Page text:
On March 19, 2020, Levandowski agreed to plead guilty to one of the thirty-three charges brought against him by the Department of Justice. Initially charged with stealing documents with trade secrets, technical specifications and Lidar design, Levandowski pleaded guilty to uploading an internal tracking document called “Driver TL Weekly – Q4 2015,” a table of team targets, project metrics, and weekly updates that Levandowski`s team can access on an unsecured Google Drive. Levandowski admitted to accessing the document about a month after leaving Google in February 2016.    The Alphabet unit sued Levandowski and Lior Ron, who ran Uber`s trucking business, for infringement and separation agreements, including convincing many Google employees to join them in Uber`s concurrent program after leaving Google in January 2016. Ron compared the $9.7 million verdict against him in February, which was covered by Uber. The ride-sharing company should not do the same for Levandowski. Uber said it never received any benefits from Levandowski as part of the compensation deal and had nothing to give back to him because of the resignation statement, the company said in the court file. The “MIA Terms and Conditions” have been updated to respond to changes in the department`s legislation and policy. “MIA Call Agreement” and “Inter-MIA Agreement” have been updated to support changes to the updated MIA Terms and Conditions. The MIA Data Protection Protocol is a new document that has been put in place to help health authorities comply with the General Data Protection Regulation. “Google and Lior Ron have entered into a transaction agreement that decides Ron`s total liability,” Uber said in its March 2, 2020 annual report.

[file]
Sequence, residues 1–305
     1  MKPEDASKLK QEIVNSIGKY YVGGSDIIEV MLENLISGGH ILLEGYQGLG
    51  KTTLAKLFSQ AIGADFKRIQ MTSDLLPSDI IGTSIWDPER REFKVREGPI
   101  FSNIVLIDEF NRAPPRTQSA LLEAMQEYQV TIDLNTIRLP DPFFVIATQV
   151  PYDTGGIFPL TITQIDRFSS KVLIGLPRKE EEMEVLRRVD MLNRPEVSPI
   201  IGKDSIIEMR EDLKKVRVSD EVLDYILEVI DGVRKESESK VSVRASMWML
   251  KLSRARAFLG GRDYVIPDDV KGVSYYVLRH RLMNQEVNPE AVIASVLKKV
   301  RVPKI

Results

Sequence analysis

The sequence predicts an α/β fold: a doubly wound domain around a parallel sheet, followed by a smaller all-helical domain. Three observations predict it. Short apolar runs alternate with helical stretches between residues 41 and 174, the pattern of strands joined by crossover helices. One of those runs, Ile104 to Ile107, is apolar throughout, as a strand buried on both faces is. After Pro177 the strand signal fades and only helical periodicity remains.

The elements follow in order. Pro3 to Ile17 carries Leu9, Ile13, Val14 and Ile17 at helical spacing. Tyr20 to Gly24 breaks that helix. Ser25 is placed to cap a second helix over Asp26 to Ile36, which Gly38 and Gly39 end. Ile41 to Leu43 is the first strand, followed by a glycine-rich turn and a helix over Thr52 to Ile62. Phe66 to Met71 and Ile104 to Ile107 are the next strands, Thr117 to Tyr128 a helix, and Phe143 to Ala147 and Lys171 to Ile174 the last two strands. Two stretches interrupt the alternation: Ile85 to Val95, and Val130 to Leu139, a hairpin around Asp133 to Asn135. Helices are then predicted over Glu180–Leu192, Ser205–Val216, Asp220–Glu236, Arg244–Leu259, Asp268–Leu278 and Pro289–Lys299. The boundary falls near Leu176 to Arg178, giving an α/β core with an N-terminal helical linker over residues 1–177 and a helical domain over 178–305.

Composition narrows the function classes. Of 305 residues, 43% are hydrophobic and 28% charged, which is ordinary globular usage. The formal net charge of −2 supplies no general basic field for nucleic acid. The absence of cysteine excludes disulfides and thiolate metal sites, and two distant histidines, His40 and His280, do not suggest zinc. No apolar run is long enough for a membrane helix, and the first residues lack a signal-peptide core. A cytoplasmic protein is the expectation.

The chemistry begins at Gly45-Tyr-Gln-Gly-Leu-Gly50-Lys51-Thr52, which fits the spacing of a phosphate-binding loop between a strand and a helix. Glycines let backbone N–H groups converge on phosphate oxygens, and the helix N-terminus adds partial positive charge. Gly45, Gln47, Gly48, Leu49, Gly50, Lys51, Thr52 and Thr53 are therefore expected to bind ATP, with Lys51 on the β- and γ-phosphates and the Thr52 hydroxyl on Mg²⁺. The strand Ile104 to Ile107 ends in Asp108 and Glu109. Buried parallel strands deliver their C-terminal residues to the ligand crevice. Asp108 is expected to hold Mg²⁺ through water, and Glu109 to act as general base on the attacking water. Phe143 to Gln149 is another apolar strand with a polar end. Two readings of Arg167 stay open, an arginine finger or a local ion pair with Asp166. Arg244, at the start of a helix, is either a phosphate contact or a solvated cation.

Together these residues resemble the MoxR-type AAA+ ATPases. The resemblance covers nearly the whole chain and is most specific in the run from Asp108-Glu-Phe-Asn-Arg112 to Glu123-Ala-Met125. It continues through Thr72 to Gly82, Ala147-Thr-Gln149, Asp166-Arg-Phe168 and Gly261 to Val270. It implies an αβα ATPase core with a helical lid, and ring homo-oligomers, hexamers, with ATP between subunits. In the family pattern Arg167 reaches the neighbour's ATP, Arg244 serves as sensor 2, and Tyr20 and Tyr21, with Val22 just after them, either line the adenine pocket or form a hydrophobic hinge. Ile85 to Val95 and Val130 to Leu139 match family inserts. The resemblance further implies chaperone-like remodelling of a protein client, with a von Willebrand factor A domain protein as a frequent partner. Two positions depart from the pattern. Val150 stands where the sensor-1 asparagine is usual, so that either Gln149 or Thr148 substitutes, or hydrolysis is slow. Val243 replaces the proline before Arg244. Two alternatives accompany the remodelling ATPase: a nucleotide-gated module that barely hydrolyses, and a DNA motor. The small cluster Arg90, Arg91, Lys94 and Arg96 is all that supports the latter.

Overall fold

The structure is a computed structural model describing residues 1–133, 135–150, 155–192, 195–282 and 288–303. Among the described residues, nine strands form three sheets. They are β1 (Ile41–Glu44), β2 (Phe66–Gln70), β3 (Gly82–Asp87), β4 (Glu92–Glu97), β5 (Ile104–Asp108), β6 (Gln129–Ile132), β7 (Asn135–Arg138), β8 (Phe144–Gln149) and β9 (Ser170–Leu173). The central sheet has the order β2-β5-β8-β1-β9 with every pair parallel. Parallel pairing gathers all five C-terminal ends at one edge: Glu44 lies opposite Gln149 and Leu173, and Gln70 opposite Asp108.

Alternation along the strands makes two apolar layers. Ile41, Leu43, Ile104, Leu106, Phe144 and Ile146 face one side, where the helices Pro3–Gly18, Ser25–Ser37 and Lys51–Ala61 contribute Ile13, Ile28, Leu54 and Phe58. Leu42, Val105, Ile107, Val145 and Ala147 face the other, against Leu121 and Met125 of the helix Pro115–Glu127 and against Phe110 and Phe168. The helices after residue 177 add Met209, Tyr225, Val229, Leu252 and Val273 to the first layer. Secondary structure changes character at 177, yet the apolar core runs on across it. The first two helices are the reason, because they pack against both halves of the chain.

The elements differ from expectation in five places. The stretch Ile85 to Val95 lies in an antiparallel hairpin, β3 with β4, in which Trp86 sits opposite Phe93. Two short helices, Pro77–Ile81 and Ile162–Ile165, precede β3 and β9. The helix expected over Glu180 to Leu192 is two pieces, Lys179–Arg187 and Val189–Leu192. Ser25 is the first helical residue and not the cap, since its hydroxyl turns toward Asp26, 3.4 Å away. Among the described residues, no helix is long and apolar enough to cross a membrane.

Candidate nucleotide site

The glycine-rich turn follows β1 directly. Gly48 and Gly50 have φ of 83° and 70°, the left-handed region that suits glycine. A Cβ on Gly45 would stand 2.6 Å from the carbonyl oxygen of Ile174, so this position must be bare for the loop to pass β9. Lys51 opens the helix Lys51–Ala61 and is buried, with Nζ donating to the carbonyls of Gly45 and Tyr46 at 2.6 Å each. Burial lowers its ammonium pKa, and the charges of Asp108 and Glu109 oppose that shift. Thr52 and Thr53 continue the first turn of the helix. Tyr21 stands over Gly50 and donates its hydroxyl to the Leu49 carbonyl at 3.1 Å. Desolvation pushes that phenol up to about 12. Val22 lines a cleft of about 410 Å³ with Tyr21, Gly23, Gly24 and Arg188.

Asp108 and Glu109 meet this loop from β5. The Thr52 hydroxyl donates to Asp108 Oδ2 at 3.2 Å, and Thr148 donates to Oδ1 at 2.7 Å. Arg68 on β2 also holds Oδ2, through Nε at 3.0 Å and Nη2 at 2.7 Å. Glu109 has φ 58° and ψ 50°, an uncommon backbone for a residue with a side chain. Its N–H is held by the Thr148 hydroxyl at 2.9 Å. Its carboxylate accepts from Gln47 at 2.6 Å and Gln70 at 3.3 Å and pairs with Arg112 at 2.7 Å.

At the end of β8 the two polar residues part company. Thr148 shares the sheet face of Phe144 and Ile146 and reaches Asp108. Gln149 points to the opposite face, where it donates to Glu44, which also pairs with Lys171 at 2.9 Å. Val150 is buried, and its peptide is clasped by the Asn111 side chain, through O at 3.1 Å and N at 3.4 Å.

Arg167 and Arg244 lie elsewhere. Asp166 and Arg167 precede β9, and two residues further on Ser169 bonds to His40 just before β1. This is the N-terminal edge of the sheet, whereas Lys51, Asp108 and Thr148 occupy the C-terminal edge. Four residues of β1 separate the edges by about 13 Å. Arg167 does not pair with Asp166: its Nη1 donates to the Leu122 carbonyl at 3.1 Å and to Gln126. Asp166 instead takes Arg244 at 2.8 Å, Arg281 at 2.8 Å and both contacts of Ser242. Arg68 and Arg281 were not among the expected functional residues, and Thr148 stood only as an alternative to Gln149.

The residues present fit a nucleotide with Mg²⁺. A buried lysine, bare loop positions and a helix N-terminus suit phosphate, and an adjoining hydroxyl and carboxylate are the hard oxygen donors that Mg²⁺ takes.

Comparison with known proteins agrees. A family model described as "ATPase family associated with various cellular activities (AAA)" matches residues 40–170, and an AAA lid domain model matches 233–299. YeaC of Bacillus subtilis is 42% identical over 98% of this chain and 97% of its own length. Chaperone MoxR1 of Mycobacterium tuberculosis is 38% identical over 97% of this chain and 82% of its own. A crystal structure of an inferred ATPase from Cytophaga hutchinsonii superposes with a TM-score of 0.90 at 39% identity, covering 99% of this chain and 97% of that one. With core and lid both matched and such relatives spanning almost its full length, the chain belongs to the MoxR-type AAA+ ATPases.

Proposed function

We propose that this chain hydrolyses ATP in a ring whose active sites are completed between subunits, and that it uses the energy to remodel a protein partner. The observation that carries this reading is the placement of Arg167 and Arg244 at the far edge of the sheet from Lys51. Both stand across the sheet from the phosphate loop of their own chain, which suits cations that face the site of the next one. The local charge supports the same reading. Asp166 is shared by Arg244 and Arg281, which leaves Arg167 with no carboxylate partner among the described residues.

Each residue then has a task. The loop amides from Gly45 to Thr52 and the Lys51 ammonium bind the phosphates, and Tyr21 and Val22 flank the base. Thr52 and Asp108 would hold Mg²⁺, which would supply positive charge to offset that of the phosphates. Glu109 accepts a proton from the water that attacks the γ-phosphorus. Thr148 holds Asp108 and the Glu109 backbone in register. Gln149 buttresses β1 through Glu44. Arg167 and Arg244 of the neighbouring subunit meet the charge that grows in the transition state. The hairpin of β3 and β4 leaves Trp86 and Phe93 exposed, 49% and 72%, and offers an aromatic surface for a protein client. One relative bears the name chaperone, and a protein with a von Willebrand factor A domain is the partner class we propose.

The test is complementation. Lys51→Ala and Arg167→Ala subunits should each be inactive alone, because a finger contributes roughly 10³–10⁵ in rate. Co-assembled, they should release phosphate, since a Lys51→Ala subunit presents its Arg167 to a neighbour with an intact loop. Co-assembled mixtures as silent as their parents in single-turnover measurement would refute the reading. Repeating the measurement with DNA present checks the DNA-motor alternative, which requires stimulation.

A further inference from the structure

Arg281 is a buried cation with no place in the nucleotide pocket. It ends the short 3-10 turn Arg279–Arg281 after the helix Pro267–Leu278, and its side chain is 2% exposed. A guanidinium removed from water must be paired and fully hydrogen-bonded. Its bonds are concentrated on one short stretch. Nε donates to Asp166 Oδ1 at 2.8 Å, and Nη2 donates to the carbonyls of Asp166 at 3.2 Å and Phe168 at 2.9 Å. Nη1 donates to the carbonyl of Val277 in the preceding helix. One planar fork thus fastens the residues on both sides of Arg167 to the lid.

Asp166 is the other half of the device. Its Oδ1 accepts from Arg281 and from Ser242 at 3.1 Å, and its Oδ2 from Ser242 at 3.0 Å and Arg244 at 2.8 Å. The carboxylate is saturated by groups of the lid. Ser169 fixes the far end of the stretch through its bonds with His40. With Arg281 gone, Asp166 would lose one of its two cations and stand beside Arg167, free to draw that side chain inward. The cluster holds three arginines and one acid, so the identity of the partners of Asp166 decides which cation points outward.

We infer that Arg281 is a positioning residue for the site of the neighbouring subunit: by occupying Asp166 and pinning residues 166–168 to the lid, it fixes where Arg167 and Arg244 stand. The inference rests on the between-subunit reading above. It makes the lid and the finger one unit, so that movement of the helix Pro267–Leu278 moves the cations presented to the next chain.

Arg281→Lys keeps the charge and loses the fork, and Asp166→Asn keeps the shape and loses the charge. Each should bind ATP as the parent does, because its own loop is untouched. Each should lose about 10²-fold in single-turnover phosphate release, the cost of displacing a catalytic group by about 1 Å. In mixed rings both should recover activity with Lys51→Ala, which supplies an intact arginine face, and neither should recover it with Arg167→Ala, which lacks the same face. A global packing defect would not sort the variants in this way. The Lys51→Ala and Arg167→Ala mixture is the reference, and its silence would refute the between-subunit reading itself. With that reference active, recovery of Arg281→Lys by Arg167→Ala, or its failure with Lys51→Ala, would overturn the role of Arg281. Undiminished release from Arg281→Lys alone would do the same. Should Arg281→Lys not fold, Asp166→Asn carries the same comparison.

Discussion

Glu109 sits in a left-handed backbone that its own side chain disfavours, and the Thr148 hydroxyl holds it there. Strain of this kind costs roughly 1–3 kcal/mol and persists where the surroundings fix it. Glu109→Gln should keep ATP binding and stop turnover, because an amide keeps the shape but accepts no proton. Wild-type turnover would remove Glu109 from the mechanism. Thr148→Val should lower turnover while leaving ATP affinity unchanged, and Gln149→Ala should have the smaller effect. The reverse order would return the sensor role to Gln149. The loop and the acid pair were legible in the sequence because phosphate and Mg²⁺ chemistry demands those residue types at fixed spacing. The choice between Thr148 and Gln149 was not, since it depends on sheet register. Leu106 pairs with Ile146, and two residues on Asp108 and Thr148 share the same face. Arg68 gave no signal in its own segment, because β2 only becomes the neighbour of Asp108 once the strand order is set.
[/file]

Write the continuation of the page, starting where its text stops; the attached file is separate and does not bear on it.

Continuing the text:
“While Uber and Levandowski are parties to a compensation agreement, the question of whether Uber is ultimately liable for such compensation is subject to a dispute between the company and Levandowski. The final resolution to the case could result in a potential loss of up to $64 million or more (depending on the interest incurred) beyond the accumulated amount. Uber does not participate in any of these arbitrations. Anthony Levandowski, a former Star Silicon Valley engineer whose actions sparked a high-level legal battle between Alphabets Waymo and Uber, has been ordered by a California court to pay $179 million to Google for violating the terms of his contract and separation agreement with the company. He then applied for insolvency protection after the publication of the judgment. It is unclear whether Mr Levandowski will have to pay, given that his employment contract with Uber states that he has been compensated. . . .